This time it just seemed real. Though my friends would say that I am the kind of person who’d believe just about anything (just last week I was convinced Mike Tyson had died), this time it just seemed different: Queen Elizabeth II of England had, apparently, passed away on Sunday night and the British would have to make do with prince/king Charles from now on. But, as so often before, I was fooled again by a hoax.
What started off as just as a message on WhatsApp quickly spread around social media and eventually even made its way to Buckingham Palace itself: the queen had died. Man of the hour Gibbo, as is seen in the screenshot, was told so by a guard and decided to tell his friends Elizabeth had departed life. As a true modern day Shakespeare he casually wrote: “Queens passed away this morning, heart attack, being announced 930 Am tomorrow”. What’s not to trust? That same sentence was said by many at the offices of the Mirror and Metro, two of England’s biggest tabloids, and so the rumour came to life until the Royal Family decided it was enough and stated that Elizabeth was, in fact, very much alive.
Expect the unexpected
There was reason to believe the story: the queen was planning on abandoning the throne, a feud broke out earlier this year between her majesty and newlyweds Harry and Meghan and she is also just really, really old. 93 years old, to be exact. But as so often these days, the news was fake. Just like the aforementioned death of Mike Tyson, just like the 9/11 tourist guy and just like so many others. A hoax, or as the broader definition says ‘a humorous or malicious deception’, has become more and more common over the years.
Elizabeth was, in fact, very much alive.
How and when exactly the phenomenon came into existence is unclear, but what is a fact is that hoaxes have been present for over 50 years: the moon-landing is by some regarded as a fake, manipulated piece of propaganda in order to put the war with Russia to bed. When the Americans broadcast their (so-called) moon-landing, as much as 30% of the population of the USA deemed the footage a hoax, despite the physical evidence and the iconic flag-posting. Nowadays, ‘only’ 6% of the people question the fact that Neil Armstrong jumped out of the spaceship 385.000 kilometres away.
A hoax is not the same as just a conspiracy theory or a lie, though it does get mixed up a lot. Where a hoax is at least intended as a joke, a conspiracy theory (or even a lie) is defined with negatives. Something a hoax is correctly associated with is fake news. A little story on a politician or celebrity, as false as it may be, can have a lasting influence in the polls or even elections. Sometimes even complete websites are made up with false stories and little back up, just to spite the other party and blaming them for things they don’t even do. In Indonesia, so much disinformation was spread that it was feared the elections were not even legitimate anymore. It’s the dark side of what all started off as a lightly joke or an attempt to inform others.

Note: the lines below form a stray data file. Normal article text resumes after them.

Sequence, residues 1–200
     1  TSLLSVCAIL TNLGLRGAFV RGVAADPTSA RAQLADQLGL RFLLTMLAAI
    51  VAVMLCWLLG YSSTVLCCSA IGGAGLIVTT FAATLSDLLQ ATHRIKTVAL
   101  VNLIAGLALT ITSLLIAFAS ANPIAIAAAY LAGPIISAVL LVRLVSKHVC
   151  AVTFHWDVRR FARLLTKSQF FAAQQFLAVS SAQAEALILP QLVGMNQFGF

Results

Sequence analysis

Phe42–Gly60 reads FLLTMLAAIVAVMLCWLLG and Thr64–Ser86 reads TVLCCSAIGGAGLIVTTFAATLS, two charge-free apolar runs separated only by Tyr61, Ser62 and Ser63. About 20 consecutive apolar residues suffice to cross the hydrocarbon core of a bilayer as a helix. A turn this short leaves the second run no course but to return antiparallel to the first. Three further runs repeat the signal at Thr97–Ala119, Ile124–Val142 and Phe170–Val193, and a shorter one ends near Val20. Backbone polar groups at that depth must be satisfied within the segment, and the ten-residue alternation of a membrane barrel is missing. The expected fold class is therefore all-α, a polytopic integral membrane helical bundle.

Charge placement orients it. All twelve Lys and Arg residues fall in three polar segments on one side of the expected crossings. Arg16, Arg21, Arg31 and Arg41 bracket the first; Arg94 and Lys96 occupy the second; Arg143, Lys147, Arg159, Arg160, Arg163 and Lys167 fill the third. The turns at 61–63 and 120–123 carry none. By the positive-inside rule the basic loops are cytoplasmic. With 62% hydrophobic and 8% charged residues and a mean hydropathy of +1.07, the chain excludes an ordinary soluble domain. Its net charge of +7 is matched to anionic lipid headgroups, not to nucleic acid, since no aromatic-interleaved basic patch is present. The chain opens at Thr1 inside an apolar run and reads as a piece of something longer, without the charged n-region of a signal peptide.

This will definitely not be the last hoax you will ever come across
As the Financial Times reported earlier this year, hoaxes are becoming a more and more prevalent problem in industries too, due to the increase of social media use. A whopping 84% of companies fear the digital hearsay, as many internet stories do not get double checked but do get spread around. The newspaper concluded that “businesses are now operating in more complex and volatile markets than ever, relying on a broader network of third parties and becoming increasingly digitised. In many cases, they’re also putting their reputations in the hands of social media influencers.” Often this creates more value for the markets and companies, but when it goes wrong it’s hard to reassure the affected.
For that one reader who is just about as gullible as this author, I can reassure you: Queen Elizabeth II is still alive. And so is Mike Tyson. One thing however, is that this will definitely not be the last hoax you will ever come across. As a matter of fact, it will only increase. Even though various solutions like fact-checkers have come to live, the amount of deceiving jokes will increase through social media, alternative media and a bunch of people with wrong intentions – Gibbo, I’m looking at you. For now, however, it might come in handy to not believe everything a random WhatsApp-chat posted on Twitter. I do know I won’t believe everything as easily next time, or at least until Mike Tyson dies (again).